Menus are perhaps the most vital sales tool that any restaurant has. An interesting, eye-catching and well-thought out one can be imperative when customers are making a decision about whether to dine with you or not, and more importantly, if they will return.
Quirky and appealing menus are a great asset for any restaurant, but what about moving away from paper altogether? Digital menus are the next step that restaurants should consider in order to keep up with the ever-evolving technology-driven world of today.
Offering menus on tablets can bring real interactivity to the customer choosing their meal, as well as minimising any mistakes that could be made with an order – keeping your customers smiling on both counts!
With a digital menu, meals can be ordered quickly, with minimum fuss, and bills paid online – making the whole process smooth for all involved.
Digital menus can:
- Show pictures of each dish
- Promote daily specials
- Interact with customers at other tables
- Give detailed info on ingredients and calorie intake
- View bills and offer credit card payment on eMenu
- Order meals
- Provide interactive games
- Call the waiting staff
- Allow diners to customise dishes by selecting from a range of options
- Help increase sales by upselling options depending on the choices a customer makes
- Collect valuable feedback from customers
- Play music
- Be multi-lingual
All of these services can be configured to work within any size of restaurant and fit your outlets exact needs.
Aside from the various features, a digital menu really enhances the customers’ experience with a restaurant. In fact, technology is now becoming part of the furniture literally in some restaurants. With the new eTables, either part or all of the table surface has been transformed into a digital screen so customers can fully customise the look and feel of their table, as well as order their food from it or indulge in any of the services provided by tablet menus.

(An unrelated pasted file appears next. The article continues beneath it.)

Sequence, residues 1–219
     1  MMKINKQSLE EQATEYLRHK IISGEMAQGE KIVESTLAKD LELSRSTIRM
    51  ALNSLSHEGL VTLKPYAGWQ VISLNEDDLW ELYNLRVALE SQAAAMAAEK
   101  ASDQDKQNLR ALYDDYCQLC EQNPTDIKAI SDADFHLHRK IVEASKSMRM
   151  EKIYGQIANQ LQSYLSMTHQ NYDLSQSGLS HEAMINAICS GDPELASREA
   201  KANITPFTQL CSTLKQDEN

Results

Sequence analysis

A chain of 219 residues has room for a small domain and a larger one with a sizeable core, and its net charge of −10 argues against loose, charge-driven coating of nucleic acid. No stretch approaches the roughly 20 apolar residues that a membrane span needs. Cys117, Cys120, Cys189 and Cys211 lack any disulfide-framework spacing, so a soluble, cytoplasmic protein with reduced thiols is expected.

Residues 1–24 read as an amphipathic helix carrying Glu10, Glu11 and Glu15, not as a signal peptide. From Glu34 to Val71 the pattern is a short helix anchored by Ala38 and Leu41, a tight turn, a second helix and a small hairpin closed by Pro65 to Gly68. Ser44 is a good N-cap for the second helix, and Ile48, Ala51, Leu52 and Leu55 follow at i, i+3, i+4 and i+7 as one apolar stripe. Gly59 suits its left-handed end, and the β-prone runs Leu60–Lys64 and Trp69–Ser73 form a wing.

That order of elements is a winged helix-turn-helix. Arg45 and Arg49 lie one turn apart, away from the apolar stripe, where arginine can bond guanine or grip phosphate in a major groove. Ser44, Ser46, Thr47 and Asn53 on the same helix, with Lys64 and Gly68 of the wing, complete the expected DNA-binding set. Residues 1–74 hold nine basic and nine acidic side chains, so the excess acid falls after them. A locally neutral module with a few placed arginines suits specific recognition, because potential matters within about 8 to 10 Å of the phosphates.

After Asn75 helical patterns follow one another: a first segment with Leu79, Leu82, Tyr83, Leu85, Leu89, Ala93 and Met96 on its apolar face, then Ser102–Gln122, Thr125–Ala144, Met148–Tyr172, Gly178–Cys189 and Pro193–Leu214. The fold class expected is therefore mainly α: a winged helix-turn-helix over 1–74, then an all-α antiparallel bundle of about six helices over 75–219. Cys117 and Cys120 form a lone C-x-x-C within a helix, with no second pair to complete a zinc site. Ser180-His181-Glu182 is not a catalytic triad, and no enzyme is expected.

Inamo, an oriental restaurant in London has taken the digital concept firmly on board. Diners place orders from an illustrated food and drinks menu projected on to their table surface.
“We wanted to give guests control over the dining experience. Order when you want, get your bill when you want and call a waiter at the touch of a button,” explains Noel Hunwick, co-owner and director of Inamo, which has two restaurants in London and Izkaya in Rotterdam. “This frees the waiting staff up to be more sociable and observant on the floor, so the human element is very much still present. A great deal of charm and theatre is added to this highly functional system via features such as being able to set the ambience (by customising your table-top), view live images from the kitchen, play games, even order a cab home.”
Going Digital Tips:
- Keep it simple – having the opportunity to give customers lots of information can easily lead to over-load. Try to resist chucking everything in: keep dish descriptions short and snappy, give them the option to ‘read more’
- Photographs are key – giving customers the opportunity to see your dishes means you need to make them look their very best. Don’t settle for a quick snap taken on your phone – get some quality pictures taken and watch your customers fall under their spell!
- Promote yourselves – on a paper menu there’s limited room for any self-promotion, but on a digital platform, you can go all out! Tell your customers about your latest news, job openings or exciting events
- Capture their data – use this platform as a way to talk and listen to them, ask for their email address in return for offers and discounts, get them to ‘Like’ you on Facebook or follow you on Twitter – the power to do all those things instantly is right there in your customers hands with a digital menu
We all know that technology is constantly evolving, and there’s little you can do other than get with the programme. So stop wasting money on paper menus that end up looking torn, chewed and goodness knows what else after just a few outings. Go digital and enhance your customers’ experience and your own operation.